A blog on financial markets and their regulation
Equity Derivatives versus Cash Equities in India
July 31, 2017Posted by on
The Securities and Exchange Board of India (SEBI), the Indian securities regulator, put out a discussion paper a couple of weeks ago on the Growth and Development of Equity Derivatives Market in India. The Indian Equity Derivatives Market is one of the success stories of financial market development in India and clearly, it makes sense to study this market to draw lessons that could help replicate this success in other segments (bond markets for example) that have remained under developed after 25 years of reforms.
Unfortunately, the SEBI discussion paper seems to prefer levelling down to levelling up. Rather than bring other markets up to the high standards set by the equity derivatives markets, it seeks to clamp down on this successful market to reduce it to the mediocrity of other lacklustre markets.
The discussion paper is worried about the high ratio of derivative market turnover to cash market turnover, and thinks that therefore there must be something wrong with the derivative market. The correct conclusion is quite the opposite: there is something grievously wrong about the cash market. Several policy makers have conspired to prevent a vibrant cash market from emerging in India:
- The Reserve Bank of India (RBI) places severe restrictions on capital market related lending and therefore starves the cash market of credit. Everybody who seeks leverage is therefore forced to move to the derivative market. SEBI has a margin trading scheme, but this scheme has been largely a failure.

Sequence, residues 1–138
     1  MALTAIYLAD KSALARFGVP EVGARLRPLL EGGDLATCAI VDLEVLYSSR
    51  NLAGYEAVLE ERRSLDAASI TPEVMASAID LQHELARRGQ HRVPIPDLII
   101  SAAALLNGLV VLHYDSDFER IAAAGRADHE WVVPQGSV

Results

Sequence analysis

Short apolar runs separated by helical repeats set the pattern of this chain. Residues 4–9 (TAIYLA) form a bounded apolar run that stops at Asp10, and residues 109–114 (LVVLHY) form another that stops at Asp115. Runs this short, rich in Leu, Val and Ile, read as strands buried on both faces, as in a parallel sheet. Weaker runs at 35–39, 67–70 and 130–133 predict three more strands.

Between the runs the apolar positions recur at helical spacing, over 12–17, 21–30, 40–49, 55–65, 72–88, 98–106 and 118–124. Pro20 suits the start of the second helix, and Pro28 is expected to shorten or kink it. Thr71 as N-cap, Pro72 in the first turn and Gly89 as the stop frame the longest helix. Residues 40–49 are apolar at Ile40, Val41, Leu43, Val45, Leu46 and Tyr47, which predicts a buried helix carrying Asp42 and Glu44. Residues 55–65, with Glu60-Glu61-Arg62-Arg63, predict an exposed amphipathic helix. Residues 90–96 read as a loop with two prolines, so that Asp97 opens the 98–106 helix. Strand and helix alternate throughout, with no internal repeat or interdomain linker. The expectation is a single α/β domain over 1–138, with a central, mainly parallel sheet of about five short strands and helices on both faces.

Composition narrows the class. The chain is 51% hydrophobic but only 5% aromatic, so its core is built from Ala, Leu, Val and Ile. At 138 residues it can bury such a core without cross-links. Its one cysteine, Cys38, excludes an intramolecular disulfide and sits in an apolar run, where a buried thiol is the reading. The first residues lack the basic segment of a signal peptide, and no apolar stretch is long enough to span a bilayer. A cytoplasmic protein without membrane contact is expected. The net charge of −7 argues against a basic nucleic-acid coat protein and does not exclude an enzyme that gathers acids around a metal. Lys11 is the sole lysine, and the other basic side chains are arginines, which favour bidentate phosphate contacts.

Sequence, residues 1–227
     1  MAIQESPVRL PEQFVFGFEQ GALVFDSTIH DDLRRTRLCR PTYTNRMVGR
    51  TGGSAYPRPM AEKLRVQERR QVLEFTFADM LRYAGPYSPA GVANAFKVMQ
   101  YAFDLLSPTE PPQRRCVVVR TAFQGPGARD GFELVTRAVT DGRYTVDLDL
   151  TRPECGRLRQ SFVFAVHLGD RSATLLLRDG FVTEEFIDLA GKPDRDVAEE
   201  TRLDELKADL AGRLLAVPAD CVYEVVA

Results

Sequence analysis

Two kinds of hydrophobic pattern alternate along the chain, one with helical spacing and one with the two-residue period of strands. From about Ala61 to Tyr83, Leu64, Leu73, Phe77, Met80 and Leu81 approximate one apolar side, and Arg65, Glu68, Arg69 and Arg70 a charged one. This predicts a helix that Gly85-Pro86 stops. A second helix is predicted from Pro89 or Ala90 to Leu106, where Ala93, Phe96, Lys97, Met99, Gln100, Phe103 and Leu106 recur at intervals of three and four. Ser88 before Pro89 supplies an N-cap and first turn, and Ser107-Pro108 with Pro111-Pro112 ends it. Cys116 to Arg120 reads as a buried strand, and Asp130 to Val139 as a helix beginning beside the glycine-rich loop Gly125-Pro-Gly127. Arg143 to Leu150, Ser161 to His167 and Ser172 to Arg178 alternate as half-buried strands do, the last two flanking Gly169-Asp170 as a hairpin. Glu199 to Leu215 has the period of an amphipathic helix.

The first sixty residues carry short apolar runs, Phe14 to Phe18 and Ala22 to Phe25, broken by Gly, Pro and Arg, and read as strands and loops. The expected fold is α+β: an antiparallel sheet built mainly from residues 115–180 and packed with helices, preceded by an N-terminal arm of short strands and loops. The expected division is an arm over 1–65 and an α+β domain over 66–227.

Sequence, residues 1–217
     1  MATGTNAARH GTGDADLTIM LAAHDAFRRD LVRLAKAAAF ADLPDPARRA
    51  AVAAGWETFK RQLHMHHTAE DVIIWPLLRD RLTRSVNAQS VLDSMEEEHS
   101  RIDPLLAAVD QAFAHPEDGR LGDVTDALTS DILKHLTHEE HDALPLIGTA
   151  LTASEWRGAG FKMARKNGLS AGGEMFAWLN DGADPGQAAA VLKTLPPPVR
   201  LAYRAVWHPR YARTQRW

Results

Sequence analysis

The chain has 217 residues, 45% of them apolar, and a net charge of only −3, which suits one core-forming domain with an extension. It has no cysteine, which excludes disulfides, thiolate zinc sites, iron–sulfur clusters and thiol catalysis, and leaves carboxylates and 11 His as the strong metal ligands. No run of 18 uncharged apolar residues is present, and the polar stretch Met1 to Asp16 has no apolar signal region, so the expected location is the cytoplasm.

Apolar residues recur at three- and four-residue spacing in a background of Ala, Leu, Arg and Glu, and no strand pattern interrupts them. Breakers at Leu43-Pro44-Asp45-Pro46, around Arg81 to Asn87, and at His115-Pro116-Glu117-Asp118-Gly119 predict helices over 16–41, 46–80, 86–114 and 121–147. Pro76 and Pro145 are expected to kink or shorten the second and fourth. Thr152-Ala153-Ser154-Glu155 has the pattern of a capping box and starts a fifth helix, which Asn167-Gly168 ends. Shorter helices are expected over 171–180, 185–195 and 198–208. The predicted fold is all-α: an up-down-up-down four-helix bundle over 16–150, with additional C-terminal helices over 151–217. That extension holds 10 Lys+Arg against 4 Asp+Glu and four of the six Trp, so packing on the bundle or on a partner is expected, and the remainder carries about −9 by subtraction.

- For a different set of reasons, the securities lending scheme has also failed to take off, and those desirous of taking a short position in stocks are also forced to turn to the derivative market.
The government in its greed for tax revenue (with near zero collection cost) has pushed up the securities transaction tax to punitive levels in the cash market. Though the difference in price elasticity in the two markets could make the revenue maximizing rate of taxation unequal in the two markets, it is likely that the current rates are not actually optimal even from a revenue maximizing point. More importantly, the rate of transaction tax in the cash market is far too high from a social welfare point of view.
These factors have stunted the growth of the cash equities market in India. The liquid derivatives market has ameliorated this problem for the top 50-100 companies. But that leaves hundreds of other companies in the lurch. In my view, this is a serious problem because a vibrant equity market is important for economic growth. All policy makers (SEBI, RBI and the Finance Ministry) need to come together to fix the flaws in the cash equities market.
I believe that India can create a reasonably liquid market for the top 1000 companies in the country. Market participants laugh at me when I say this, but if the US can do this, I do not see why India cannot. We have all the institutional prerequisites for such a market – world class depositories, exchanges, and clearing corporations; a large ecosystem of intermediaries; a strong regulator; and above all a vast investor base. I hope that regulators will raise their sights and aim for this, rather than try to cripple the derivative market so that it is no longer obvious that the cash market is limping.